SPRINGFIELD – Illinois Gov. Pat Quinn’s administration and the union representing correctional workers filed dueling court pleas Monday over a ruling allowing the state to proceed with prison closures, actions that promise to prolong the struggle over whether penitentiaries can shut their doors to save money while keeping a crowded penal system safe.
The administration sought permission to proceed with closures in a Cook County courtroom while at the other end of the state, the American Federation of State, County and Municipal Employees asked an Alexander County judge not to dismiss a prohibition on shutdowns he ordered earlier this month.
The legal bustle was ignited following an independent arbitrator’s weekend ruling that Quinn had followed the rules in negotiating impact of closures on AFSCME members. Arbitrator Steven Bierig also decreed that shuttering the high-security Tamms prison and the maximum-security women’s lockup in Dwight would “not create any greater danger” than already exists in the prison system.
AFSCME Executive Director Henry Bayer said Bierig – who noted in his ruling that keeping the prison doors open “would be the best possible solution under the circumstances” – had used an incorrect standard on the safety question, the basis for the union’s request for court intervention.
“This is good news for taxpayers,” said Quinn spokesman Abdon Pallasch, estimating the state would eventually save $100 million a year “by closing empty or half-empty, very expensive prisons and juvenile detention centers that are no longer needed.”
The Democratic governor said the state cannot afford to keep running Tamms, Dwight, inmate transition centers in Decatur, Carbondale and Chicago, or juvenile detention facilities in Murphysboro and Joliet. His aides have repeatedly used “half-empty” in referring to Tamms, a segregation prison for violent inmates, a status the administration has in part created by halting inmate transfers there.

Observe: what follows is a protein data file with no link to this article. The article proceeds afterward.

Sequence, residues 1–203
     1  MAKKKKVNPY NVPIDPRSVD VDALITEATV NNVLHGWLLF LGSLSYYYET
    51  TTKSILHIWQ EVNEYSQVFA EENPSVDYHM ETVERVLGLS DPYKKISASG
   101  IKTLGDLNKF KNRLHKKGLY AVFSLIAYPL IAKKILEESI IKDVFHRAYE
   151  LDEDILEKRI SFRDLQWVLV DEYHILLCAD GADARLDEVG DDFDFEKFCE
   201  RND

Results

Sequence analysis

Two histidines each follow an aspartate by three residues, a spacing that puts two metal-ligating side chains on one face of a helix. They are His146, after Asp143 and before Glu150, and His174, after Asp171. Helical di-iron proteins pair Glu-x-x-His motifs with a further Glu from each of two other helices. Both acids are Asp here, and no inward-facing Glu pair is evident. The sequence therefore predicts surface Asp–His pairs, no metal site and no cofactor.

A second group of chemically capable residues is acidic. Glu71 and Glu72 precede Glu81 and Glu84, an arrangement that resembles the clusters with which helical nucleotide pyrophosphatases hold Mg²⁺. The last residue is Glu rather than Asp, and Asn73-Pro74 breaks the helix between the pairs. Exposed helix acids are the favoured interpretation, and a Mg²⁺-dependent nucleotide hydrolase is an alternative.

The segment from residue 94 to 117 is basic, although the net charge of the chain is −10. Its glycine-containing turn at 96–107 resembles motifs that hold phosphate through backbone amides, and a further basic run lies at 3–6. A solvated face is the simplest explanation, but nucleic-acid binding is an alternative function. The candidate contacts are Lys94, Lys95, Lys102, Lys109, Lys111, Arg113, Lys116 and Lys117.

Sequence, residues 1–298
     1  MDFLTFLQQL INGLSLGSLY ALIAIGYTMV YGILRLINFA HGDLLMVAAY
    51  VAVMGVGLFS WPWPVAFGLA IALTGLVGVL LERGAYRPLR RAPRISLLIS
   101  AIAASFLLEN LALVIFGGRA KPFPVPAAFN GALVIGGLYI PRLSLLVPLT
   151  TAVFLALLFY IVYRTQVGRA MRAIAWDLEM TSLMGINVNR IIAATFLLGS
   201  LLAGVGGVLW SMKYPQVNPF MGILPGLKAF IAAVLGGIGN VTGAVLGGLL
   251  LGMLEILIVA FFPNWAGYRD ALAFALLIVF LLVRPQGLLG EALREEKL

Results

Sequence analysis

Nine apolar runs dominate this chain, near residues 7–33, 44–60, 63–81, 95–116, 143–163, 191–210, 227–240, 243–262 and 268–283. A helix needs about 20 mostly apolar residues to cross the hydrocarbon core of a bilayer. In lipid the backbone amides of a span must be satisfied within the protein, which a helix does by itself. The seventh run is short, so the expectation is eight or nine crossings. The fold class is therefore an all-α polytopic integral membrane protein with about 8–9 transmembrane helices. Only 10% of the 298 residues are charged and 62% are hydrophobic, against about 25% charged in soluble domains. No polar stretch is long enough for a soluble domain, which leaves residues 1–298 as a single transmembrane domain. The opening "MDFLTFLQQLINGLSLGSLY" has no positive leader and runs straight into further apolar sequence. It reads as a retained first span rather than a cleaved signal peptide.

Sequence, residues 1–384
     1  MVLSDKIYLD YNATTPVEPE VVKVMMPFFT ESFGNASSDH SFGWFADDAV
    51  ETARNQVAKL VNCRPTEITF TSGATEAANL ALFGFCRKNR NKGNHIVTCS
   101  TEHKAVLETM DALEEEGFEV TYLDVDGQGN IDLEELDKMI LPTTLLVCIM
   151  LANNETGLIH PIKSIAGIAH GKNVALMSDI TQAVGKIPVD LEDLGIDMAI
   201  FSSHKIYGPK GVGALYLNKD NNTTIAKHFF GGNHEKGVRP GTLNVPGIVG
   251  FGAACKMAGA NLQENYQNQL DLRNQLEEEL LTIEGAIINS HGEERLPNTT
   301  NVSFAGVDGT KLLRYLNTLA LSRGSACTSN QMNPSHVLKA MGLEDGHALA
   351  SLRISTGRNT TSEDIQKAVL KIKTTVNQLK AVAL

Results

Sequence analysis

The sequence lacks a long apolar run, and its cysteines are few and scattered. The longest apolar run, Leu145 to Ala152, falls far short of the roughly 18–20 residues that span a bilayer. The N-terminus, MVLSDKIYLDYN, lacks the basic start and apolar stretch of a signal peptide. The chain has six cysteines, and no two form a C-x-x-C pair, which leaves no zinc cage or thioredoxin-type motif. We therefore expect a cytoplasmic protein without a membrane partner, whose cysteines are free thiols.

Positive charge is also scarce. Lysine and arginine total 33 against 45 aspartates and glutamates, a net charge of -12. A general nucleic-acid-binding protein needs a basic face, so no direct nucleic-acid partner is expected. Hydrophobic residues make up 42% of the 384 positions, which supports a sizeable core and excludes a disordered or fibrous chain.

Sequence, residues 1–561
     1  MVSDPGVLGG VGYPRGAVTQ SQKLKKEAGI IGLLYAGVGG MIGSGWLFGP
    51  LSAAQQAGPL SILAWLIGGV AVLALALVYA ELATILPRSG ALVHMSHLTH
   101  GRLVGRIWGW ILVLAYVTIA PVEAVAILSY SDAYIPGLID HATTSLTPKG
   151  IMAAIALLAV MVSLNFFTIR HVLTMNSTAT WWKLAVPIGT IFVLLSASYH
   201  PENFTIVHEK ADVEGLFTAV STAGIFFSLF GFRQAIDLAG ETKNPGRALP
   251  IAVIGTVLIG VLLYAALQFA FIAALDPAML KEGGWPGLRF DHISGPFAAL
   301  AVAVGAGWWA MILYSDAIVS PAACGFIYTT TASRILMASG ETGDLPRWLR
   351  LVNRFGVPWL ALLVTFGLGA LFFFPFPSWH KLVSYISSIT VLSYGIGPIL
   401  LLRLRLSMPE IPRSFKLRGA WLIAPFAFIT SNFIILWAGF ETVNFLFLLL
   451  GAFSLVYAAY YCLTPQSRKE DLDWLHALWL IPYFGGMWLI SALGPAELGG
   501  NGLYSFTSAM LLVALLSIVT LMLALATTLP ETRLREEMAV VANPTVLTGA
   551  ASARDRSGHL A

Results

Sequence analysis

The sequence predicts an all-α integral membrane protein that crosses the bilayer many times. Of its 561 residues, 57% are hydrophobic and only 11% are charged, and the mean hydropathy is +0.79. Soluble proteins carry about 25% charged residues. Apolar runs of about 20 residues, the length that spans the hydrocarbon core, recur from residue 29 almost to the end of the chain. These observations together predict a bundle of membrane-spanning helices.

Murphysboro is empty because the state transferred all its residents during the summer.
Other facilities are packed – overall, there are more than 49,300 inmates in a system designed for 33,700.
Quinn wanted most of the facilities closed by Aug. 31, but Bierig ruled with the union that he had to negotiate conditions. The arbitrator’s latest ruling declared even though those talks reached impasse, the administration had held up its end.
Bierig also dismissed AFSCME’s claim that Quinn’s plans jeopardized inmate and employee safety or posed a “clear and present danger,” noting some risk comes with the territory.
“The state’s actions in this case do not create any greater danger than already inherently existed in the prison system,” he wrote.
But Bayer said neither the contract nor state law requires a “clear and present danger” standard be reached for the union to win an arbitration ruling, so AFSCME is taking the rare step of appealing an arbitrator’s opinion.
“We believe this decision clearly violates the state’s public policy that requires the employer to provide a safe work environment,” Bayer said in a statement. “We have asked the judge to vacate the arbitrator’s award and submit the case back to the arbitrator to correct his mistakes.”
AFSCME had persuaded a judge in Alexander County – home to Tamms prison – to halt shutdown plans until negotiations concluded. Now the union is asking him to keep it in place.
Bierig ruled that even if Quinn’s proposal created a “clear and present danger,” the administration had taken necessary precautions, such as fortifying cells at Pontiac, where violent Tamms inmates will be transferred, and providing training for officers overseeing them.
However, The Associated Press reported earlier this month that Corrections loosened security rules for Tamms inmates at Pontiac after Department of Corrections Director S.A. “Tony” Godinez promised lawmakers last spring that protocol would be “identical” to the tough restrictions at Tamms.
The scuffle will not likely be concluded soon. Even without court action, AFSCME officials say the union has the right to enter into another form of arbitration that is guaranteed to public safety workers who are not allowed to go on strike.
Contact John O’Connor at https://www.twitter.com/apoconnor